I have a spaceship object with a transform. A second transform is positioned some offset distance away, and then I use LookAt() to aim its forward vector at the ship. The ship’s parent is this second transform. To move the ship, I take player input to place a destination object on the sphere. I create a “destination” transform at the center of the sphere, and use Lerp() or RotateTowards() to move the ship over the surface of the sphere, from the player’s rotation to the destination rotation.
parentTransform.rotation = Quaternion.Lerp(parentTransform.rotation,
destinationTransform.rotation, Time.deltaTime * speed);
The problem I’m having is when the parent transform needs to Lerp “through the north pole” (or south pole.) Since the forward vector is aimed at the player ship, this trouble spot is when the forward vector is trying to point either straight up or straight down.
Instead of my ship flying smoothly over the pole to arrive at his destination on the other side, he instead rotates around the north pole, and ends up on the other side facing backwards. I have managed to get the ship stuck at the north pole, but flying across it has never worked for me, and all of my attempted solutions have ended in disaster.
My question is, how can I get the desired behavior here? My hope is that this is a known issue with Lerp() and there’s an elegant workaround. Any help is appreciated!
The lerping probably works as intended. The problem is that you create the rotations with
LookAt, and the relative up axis is very close to the ship’s or target’s position which makes small differences in direction affect resulting rotation greatly. You should specify the
worldUp parameter in
Transform.LookAt to be as far away as possible from the ship’s and target’s positions. You can use, for example, a cross product of the vectors to the ship and the destination to acquire a vector that is at right angle to (90 degrees away from) both of them, and use that as the
worldUp parameter in
LookAt to create the start and end rotations.
…Pretty hard to explain. Please comment if it’s still unclear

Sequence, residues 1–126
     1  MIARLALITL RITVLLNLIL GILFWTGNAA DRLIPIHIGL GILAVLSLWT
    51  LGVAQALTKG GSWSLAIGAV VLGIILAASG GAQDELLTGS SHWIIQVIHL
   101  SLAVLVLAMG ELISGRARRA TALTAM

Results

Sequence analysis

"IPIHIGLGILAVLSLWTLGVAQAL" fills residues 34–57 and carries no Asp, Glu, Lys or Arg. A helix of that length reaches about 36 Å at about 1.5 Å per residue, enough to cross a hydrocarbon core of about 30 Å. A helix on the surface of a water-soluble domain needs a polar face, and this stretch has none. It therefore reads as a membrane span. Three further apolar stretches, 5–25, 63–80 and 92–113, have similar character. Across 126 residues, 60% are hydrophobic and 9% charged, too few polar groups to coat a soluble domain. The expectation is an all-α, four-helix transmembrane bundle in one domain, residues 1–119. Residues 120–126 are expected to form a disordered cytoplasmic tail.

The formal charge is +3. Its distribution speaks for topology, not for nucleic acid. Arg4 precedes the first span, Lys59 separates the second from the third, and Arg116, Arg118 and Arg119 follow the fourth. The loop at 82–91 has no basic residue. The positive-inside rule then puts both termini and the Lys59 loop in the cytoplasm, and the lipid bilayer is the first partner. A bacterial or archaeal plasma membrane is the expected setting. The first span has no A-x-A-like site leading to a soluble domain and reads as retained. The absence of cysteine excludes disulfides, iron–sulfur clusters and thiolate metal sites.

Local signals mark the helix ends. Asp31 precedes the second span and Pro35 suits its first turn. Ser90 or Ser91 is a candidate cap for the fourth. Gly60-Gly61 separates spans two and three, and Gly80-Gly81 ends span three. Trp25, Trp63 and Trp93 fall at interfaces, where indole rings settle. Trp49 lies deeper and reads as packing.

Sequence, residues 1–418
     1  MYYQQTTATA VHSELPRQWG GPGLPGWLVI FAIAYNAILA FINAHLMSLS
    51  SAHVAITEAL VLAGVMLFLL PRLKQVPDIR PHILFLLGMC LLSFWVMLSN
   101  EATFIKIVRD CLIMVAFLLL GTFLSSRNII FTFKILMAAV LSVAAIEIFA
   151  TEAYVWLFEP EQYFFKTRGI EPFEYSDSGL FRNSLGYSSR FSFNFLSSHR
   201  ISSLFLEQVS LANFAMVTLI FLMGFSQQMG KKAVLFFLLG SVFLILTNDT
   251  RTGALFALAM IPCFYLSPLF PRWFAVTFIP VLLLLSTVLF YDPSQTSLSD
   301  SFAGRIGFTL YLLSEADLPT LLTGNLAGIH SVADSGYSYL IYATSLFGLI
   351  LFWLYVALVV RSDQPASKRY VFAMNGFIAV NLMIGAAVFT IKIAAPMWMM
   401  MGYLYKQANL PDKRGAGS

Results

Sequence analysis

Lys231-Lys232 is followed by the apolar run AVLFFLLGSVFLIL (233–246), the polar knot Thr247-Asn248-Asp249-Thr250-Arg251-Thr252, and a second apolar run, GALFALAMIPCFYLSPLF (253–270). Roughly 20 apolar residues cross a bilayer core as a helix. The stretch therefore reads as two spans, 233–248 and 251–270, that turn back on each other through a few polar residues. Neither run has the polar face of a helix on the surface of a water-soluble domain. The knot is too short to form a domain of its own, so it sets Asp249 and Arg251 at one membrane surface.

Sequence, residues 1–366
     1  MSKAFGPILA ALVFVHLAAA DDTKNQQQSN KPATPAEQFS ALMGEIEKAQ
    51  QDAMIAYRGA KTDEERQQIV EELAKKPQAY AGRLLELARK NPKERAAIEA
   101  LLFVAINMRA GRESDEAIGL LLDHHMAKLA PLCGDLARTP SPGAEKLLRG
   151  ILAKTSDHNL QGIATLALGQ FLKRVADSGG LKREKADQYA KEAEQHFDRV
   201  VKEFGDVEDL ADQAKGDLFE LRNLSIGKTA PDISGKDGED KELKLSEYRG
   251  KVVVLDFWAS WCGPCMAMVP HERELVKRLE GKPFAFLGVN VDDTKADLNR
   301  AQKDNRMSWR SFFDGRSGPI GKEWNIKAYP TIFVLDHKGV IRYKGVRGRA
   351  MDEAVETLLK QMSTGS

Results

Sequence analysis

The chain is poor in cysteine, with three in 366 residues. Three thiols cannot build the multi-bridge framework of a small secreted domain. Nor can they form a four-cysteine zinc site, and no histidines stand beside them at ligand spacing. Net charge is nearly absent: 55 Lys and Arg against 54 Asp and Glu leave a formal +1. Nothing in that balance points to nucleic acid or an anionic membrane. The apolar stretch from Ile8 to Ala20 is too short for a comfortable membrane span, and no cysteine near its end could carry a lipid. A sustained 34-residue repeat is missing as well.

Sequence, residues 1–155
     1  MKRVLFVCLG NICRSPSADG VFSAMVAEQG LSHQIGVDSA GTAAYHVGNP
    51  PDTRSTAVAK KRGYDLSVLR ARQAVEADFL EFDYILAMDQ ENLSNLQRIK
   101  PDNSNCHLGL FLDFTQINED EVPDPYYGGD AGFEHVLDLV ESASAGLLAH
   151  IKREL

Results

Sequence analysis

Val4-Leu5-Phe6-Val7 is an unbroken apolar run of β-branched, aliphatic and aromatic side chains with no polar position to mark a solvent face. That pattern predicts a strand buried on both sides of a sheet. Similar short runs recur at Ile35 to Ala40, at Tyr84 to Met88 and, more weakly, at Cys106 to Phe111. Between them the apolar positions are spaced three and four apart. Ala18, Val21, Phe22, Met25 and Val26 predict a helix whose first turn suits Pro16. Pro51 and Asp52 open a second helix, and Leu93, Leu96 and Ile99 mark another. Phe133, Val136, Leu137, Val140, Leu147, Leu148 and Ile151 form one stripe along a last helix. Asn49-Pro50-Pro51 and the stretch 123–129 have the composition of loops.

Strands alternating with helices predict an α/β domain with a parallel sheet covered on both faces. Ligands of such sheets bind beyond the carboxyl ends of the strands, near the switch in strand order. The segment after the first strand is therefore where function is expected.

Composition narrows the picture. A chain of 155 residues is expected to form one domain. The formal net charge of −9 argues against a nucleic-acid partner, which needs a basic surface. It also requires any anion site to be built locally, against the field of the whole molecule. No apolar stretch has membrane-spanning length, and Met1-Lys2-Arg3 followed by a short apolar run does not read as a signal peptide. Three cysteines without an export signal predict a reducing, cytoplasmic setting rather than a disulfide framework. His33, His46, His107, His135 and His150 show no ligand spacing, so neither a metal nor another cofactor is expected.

Frankly, I don’t follow. I feel like maybe all the necessary information is here to form a clear picture, but it’s not translating into a concrete understanding for me. I know it’s hard to describe complex scenarios.
A Lerp is a linear interpolation from one quaternion value set to another. It isn’t broken or limited in certain conditions; it does exactly what it’s supposed to do. The problem must lie in your utilization. In your defense, this stuff can be very confusing.
If I’m understanding, your ship’s movement about the surface of a sphere is achieved by rotating the ship around the sphere’s origin.
I guess that all makes sense and ought to work, but the problem you are describing does not seem directly related to the selected approach. It also seems like you aren’t actually achieving what you’re hoping to achieve in the first place. If logic creates an unwanted change in one scenario, it’s probably creating the same kind of not-quite-right change in other scenarios, you just aren’t noticing. Any chance you’re certain I’m wrong, and it only acts funny at the poles?
My first thought is this: You are wanting to achieve this behavior using only a target rotation. That target rotation does not - on its own - represent enough information to give you the results you’re seeking.
I would first try to rely on a different method for making the ship “face” the desired destination. Remove that element from the equation altogether and get there in some other way. Besides, to look correct and “hug” the surface, the ship needs to face a direction tangential to the arc described by its motion.
My other thought is this: You may be using an improper method for arriving at the unknown (destinationTransform.rotation) which drives this behavior.
Quaternion representations and extensions are designed for exactly this kind of complex situation. No gimbal lock, no weird edge cases - if you’re using them properly, this kind of problem does not manifest.